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Ask Amy: Is what I saw in my girlfriend’s hometown a red flag?

Ask Amy: Is what I saw in my girlfriend’s hometown a red flag?

Dear Amy: I am a man in my 20s, exclusively dating my girlfriend for the last three years. We are very compatible and are talking about moving in together.

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I have met her family members a few times socially but have never spent much time with them.

Recently we took a trip to her hometown and stayed with her folks. Her parents seem very nice, and as far as I can tell they approve of me. We spent four days there and had a nice time.

I’m a little concerned because while we were there I felt like my girlfriend wasn’t very nice to her mother. She acted very irritated by her mother and was snapping at her. She seemed to react to her grandmother the same way – impatient and bordering on rude.

I witnessed this in person and I’ve also heard her be this way with her mother on the phone.

Lately I have to admit that she seems to be treating me a little bit this way, too. When she is bothered or irritated, she snaps and is very short with me.

I really did not like seeing her this way with her mother, I don’t like being treated this way, and I’m wondering if this is a red flag about our future.

– Snapped At

Dear Snapped At: Mothers and daughters sometimes share a tricky dynamic. You’re not likely to influence a lifetime of feelings between your girlfriend and the women in her life, but adults are supposed to be able to control their behavior.

So call her on this. When she snaps at you, call her on it.

And the next time you two are having one of those conversations where you’re discussing each other’s foibles and failings, you should tell her how it strikes you when you witness her being impatient and rude toward her mother and grandmother.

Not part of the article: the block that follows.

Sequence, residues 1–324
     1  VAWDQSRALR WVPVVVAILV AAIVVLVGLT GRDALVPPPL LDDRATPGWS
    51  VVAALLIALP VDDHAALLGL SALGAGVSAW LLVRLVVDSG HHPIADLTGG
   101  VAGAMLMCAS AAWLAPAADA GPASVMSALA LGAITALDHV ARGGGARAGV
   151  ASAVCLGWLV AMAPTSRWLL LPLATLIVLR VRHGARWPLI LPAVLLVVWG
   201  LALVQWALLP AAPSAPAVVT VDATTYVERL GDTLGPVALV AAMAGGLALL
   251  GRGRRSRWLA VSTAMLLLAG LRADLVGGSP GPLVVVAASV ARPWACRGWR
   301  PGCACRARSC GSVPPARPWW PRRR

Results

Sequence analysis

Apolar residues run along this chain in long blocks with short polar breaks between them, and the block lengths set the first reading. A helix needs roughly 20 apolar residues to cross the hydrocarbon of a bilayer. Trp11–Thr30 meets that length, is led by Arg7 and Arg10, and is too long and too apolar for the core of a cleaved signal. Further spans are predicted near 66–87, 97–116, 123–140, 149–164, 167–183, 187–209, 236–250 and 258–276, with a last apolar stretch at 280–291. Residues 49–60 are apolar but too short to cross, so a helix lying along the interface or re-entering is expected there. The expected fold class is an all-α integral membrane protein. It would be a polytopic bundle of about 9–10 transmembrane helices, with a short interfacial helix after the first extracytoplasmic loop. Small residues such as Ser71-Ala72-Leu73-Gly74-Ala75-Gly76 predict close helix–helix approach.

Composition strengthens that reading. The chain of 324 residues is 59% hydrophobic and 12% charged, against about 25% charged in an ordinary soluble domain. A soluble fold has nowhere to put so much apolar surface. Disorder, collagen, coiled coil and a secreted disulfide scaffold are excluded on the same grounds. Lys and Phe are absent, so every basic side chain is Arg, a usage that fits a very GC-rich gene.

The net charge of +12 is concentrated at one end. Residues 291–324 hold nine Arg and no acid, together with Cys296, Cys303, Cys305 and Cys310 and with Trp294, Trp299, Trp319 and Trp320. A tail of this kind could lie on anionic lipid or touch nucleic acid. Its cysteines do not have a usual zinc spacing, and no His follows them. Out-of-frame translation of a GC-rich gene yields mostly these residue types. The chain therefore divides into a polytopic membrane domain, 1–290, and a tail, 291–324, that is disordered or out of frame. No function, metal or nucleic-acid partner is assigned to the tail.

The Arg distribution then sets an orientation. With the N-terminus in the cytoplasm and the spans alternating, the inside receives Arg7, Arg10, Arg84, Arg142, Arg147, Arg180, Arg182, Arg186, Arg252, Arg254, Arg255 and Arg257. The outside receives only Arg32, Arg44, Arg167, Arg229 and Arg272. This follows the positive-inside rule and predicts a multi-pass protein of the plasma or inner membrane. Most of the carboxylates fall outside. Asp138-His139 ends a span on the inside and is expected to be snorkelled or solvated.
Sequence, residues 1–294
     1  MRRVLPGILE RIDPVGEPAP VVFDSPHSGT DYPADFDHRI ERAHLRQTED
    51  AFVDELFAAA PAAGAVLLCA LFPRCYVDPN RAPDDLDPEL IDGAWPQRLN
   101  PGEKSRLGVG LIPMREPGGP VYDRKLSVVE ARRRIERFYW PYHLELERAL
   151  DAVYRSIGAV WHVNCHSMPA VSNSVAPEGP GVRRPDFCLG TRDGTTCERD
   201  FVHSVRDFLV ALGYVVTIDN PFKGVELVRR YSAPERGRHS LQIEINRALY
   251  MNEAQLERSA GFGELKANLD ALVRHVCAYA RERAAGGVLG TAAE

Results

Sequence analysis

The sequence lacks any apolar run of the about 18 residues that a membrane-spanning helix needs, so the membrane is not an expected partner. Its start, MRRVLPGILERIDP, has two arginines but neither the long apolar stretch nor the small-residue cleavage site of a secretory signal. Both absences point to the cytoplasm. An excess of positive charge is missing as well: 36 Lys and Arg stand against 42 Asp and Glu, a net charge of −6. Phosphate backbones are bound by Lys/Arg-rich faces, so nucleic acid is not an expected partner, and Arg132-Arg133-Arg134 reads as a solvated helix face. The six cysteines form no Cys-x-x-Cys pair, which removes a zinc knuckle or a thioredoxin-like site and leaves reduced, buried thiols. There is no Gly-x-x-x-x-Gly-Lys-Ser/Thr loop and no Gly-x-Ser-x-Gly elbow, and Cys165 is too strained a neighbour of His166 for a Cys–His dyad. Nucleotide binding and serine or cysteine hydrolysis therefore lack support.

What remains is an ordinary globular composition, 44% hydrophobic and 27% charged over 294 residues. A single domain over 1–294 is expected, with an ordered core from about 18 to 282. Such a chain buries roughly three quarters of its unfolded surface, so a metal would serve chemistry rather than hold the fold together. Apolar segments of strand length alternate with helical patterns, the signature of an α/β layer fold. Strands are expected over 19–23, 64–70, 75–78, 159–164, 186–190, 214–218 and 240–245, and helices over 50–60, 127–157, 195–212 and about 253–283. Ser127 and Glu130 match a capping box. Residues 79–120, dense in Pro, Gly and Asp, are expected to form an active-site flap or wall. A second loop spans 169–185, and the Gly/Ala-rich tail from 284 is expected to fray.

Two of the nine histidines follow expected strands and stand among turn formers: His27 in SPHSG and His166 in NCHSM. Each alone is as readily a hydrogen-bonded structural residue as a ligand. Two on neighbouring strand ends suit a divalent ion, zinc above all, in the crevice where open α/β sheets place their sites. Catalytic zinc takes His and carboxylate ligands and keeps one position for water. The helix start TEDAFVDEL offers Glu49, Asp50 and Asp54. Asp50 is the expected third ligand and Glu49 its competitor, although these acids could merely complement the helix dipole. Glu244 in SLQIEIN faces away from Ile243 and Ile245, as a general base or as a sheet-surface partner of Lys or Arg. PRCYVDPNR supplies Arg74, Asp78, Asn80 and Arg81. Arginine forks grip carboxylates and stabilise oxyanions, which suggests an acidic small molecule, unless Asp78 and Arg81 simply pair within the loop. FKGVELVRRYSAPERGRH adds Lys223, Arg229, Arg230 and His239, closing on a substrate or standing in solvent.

Yes, I’d say that this behavior is a red flag, but it is also behavior your girlfriend can change – and she should absolutely be willing to work on it.

Dear Amy: I’m a sophomore in college. My girlfriend and I met on campus at the beginning of the school year and have been together for six months (we’re both women).

We’re making plans for this summer – we’re both looking into working at a beach resort near our college.

Every summer I go to a reunion at my summer camp. This is a camp I went to for most of my childhood and through my teens. I was a counselor there for three years. The reunion week is a time when we former campers go back to camp to perform some maintenance tasks and help to prepare the camp for the summer.

I really enjoy doing this work and I like seeing my fellow campers and staff. It’s a really special experience for me.

My girlfriend is having a tough time with my decision to take this week away this summer. She says she will miss me too much and she is heavily hinting that I shouldn’t do it.

I’m wondering what you think.

– Camper for Life

Dear Camper: I think your girlfriend is really into you. I also think she is trying to manipulate and control you.

A week apart can seem like a very long time when you are in the first throes of attachment. But – that’s the way it goes.

Your girlfriend should not pressure you to forgo something that is so important to you.

This is part of your life, and your attachment, service and commitment to this place and these people is an important part of who you are.

A person who loves and respects you should on some level also celebrate this aspect of your life and character.

This is a bit of a test of your girlfriend’s maturity, sense of perspective, and her overall respect for you. So far, she’s failing.

If she really pours on the pressure for you to drop this weeklong commitment, then you should consider taking a vacation from this relationship. Do not cave.

Dear Amy: “Tired Boyfriend” reported that his girlfriend had quit her job before Christmas and now only wants to be a “stay-at-home girlfriend.”

You missed the most obvious point: She is clinically depressed.

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Your response, “We all want to be a stay-at-home girlfriend. But life doesn’t work that way,” was heartless.

– Upset Reader

Dear Upset: I’m not a clinician and would never attempt to diagnose anyone based on a shred of subjective information.

You probably shouldn’t do that, either.

You can email Amy Dickinson at askamy@amydickinson.com or send a letter to Ask Amy, P.O. Box 194, Freeville, NY 13068. You can also follow her on Twitter @askingamy or Facebook.